“I remain concerned about the increasing number of cases in P.E.I., and the fact that we have not been able to identify a link to travel,” she said. “There may be more cases that will be identified in the coming days. “

This comes as P.E.I. announced new measures Saturday, which took effect Sunday.

According to Morrison, there are 190 close contacts of these cases, and more are expected to be announced.  


Prince Edward Island is entering a 72-hour lockdown starting at midnight as the province struggles to contain the outbreak. These measures are a tighter version of the ‘circuit breaker’ regulations announced just Saturday.

Premier Dennis King says he’d rather go “harder and stronger” with public health restrictions now — giving health officials a chance to get caught up on contact tracing and testing — than wait for the outbreak to worsen.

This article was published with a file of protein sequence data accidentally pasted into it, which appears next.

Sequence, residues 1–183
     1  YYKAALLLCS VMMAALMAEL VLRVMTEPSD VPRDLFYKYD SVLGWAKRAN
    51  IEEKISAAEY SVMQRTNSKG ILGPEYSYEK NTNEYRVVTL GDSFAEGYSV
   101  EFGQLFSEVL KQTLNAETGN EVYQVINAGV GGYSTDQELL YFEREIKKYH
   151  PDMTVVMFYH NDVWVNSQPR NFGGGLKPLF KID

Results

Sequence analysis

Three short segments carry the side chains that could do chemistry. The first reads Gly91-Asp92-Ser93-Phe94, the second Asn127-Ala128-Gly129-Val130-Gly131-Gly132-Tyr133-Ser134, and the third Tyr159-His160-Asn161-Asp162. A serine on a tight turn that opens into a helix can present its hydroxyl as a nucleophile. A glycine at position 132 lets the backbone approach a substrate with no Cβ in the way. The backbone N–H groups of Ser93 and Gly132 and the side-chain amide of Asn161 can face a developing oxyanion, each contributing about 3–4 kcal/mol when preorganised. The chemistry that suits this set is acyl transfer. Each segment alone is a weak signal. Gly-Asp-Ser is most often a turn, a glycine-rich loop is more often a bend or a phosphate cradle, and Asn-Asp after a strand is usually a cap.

“Yesterday we introduced some new circuit breaker measures,” King said. “I know it’s not what everyone wanted to hear, but it’s what is necessary to keep our province safe — and today, we have announced we’re going a little further.”

The three-day lockdown requires residents to stay home as much as possible and will close all kindergarten to Grade 12 schools, with post-secondary education moving online only.

Only essential services will be allowed to remain open, at half of their standard operating capacity.

The other new measures are as follows:

  • No personal gatherings will be allowed
  • Each household can associate with two consistent people, for what Morrison called essential support
  • People who live alone can associate with one other household
  • No organized gatherings will be allowed
  • Funerals can have no more than 10, plus officiants
  • All recreational facilities are closed – including gyms, fitness facilities, bingo halls, casinos, musuems, and libraries
  • No organized sports or recreational activities will be permitted
  • Only essential services and businesses are allowed to be open to the public, and at 50 per cent of their standard capacity